Are You Passionate?

[Editor’s note: as always, the opinions expressed by Joe Moser, my contributor at large, are his own and do not necessarily reflect the opinions of The Olive Press … boilerplate boilerplate … As with his previous piece, this review covers something I haven’t seen, so I’m in no position to concur or critique. In this installment, Joe breaks from his series on “Growing Up in Our 20s” to review a movie about Jesus that you may or may not have heard about.]

OK, so Mel Gibson’s pappy is nutty as a fruitcake, and the man himself has some considerable shortcomings. Anyone who strives to be more Catholic than the Pope probably could use a couple months in the Betty Ford Clinic. Does that mean we shouldn’t see his movie? Neil LaBute is a devout Mormon, and I still think In the Company of Men is an incredible film. Roman Polanski is a statutory rapist, and I’m still a huge fan. Bob Crane was a sexaholic pornographer, yet Hogan’s Heroes remains one of my all-time favorite TV shows. Michael Jackson is a pedophile, and I still worship the man . . . but I’m afraid that’s going too far. Everyone has to draw the line somewhere. Thus, if your political differences with Mel Gibson prevent you from enduring the long lines at the local cinema to see The Passion of the Christ, I can’t blame you. Let he who is without grudges cast the first stone.

This film has effectively polarized critics, with reactions ranging from superlative praise to abject repulsion. For what it’s worth, count me among the admirers, not the haters.

Is the movie as violent as you’ve heard? Yes and no. It’s incredibly graphic and gory, but Gibson does show some restraint, particularly in cutting away from the horrifying torture sequence to show Mary’s reaction, as Jesus is being literally beat to a pulp. If you can sit through those scenes (about midway through the film), then you’ve endured the worst of it. Contrary to the statements of some critics, the violence is not “relentless” or “sadistic”–Gibson lets his audience, not to mention Jesus, have a few welcome respites along the way to Calvary. Whatever one might say about it, the violence is absolutely necessary to the purpose of the film, which I see as dramatizing the incomprehensible humanity of Jesus in the face of atrocious cruelty. When the Roman soldiers are pounding in the nails, and he says, “Father, forgive them,” we know he means it. Gibson makes this point emphatically clear in cutting from the scene of the crucifixion to a flashback of the Sermon on the Mount, where Jesus exhorts his followers to “love” and “pray for” their enemies.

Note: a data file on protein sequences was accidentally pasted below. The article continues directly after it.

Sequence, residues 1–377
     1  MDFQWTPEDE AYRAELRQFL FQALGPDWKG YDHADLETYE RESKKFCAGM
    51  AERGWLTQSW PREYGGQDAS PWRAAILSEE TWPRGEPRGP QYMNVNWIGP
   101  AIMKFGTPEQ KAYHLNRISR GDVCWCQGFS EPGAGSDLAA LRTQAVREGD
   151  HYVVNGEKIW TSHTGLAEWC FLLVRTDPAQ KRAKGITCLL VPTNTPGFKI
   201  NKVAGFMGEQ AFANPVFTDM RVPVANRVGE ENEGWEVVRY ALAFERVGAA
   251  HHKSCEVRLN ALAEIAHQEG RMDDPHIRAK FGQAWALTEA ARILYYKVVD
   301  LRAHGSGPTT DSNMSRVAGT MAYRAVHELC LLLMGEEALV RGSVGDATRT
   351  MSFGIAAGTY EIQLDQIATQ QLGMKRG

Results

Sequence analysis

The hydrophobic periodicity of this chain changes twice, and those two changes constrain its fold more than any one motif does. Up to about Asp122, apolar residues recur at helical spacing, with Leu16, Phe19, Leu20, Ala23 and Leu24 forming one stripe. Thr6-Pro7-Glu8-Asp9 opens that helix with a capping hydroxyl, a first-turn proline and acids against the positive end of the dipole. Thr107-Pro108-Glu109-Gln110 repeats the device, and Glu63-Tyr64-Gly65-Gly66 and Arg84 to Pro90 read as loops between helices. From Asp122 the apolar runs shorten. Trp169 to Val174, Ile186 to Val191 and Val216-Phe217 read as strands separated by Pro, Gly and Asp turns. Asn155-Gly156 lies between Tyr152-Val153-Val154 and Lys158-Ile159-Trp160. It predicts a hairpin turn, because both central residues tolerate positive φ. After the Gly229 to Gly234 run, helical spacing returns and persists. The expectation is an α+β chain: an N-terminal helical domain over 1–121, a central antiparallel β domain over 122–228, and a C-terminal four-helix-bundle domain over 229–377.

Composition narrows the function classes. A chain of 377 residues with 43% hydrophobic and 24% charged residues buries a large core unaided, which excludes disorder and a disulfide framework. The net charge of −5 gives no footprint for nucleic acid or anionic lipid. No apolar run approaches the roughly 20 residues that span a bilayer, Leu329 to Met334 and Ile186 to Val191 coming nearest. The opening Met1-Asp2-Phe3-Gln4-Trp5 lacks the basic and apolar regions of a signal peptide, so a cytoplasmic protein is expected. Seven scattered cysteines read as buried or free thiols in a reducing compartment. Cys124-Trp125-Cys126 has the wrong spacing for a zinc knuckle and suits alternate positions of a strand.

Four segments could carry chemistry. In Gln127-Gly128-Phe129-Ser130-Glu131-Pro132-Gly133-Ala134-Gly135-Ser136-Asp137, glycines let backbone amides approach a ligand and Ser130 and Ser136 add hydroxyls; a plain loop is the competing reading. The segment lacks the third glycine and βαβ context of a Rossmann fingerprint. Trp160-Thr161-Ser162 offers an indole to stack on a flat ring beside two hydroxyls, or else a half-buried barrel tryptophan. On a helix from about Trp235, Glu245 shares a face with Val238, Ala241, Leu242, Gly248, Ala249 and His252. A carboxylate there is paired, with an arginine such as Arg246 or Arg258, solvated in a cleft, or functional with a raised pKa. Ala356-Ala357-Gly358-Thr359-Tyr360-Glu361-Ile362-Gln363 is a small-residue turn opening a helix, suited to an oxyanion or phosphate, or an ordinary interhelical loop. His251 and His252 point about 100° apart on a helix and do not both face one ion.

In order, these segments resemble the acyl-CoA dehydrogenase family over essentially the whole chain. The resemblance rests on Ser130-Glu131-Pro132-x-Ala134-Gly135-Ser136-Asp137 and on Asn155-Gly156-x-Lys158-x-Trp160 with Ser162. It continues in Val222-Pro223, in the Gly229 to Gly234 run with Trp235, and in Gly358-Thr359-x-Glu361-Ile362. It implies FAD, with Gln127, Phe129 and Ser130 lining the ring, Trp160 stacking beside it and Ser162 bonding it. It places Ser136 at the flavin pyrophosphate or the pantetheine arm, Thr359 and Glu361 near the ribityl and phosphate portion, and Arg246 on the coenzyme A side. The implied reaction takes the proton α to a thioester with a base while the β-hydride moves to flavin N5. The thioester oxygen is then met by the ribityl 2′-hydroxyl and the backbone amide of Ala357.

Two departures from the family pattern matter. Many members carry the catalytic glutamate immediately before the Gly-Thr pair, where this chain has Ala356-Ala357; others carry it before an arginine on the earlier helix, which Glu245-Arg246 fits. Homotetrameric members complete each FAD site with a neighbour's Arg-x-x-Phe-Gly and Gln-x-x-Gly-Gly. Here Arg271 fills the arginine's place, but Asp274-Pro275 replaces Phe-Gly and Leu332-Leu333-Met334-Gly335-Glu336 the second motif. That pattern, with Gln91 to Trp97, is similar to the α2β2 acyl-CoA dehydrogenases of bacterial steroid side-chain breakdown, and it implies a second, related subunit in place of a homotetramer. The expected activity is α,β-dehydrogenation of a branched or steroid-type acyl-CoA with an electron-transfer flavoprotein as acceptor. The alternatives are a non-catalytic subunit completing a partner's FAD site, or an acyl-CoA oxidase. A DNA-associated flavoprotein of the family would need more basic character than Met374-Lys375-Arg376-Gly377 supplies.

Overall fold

Is the film anti-Semitic? Many of the not so admirable people in the film are Jews, including Judas and Caiphus, but since all the sympathetic characters are Jews, including Mary, Peter and Jesus himself, I think not. Those looking for messages of hatred in the film can undoubtedly find them, though, just as people have been using the Bible as the foundation of their bigotry and hatred for hundreds of years. Nonetheless, in this film, Jesus is a man of peace–he speaks, sweats and bleeds nothing but peace–and that’s what the film brought home to me, even though I’m not much the churchly type. Thus, if people are looking for a message of love and humanity in the film, they are bound to find it.

As I sat in the theater this past weekend, though, I couldn’t help but become a little cynical as I listened to some college-age people behind me complain about how many times Jesus collapses as he bears his cross up the hill. Indeed, he falls a lot, but so would anyone who had just been beat within an inch of his life and then forced to carry his own cumbersome instrument of death. I kept thinking of the Woody Guthrie song, “Jesus Christ” that ends with these lines:

This song was written in New York City,
Of rich man, preacher and slave,
But if Jesus was to preach like He preached in Galilee,
They would lay Jesus Christ in His grave.

Unfortunately, most people are no more receptive to a message of peace now than they were 2000 years ago.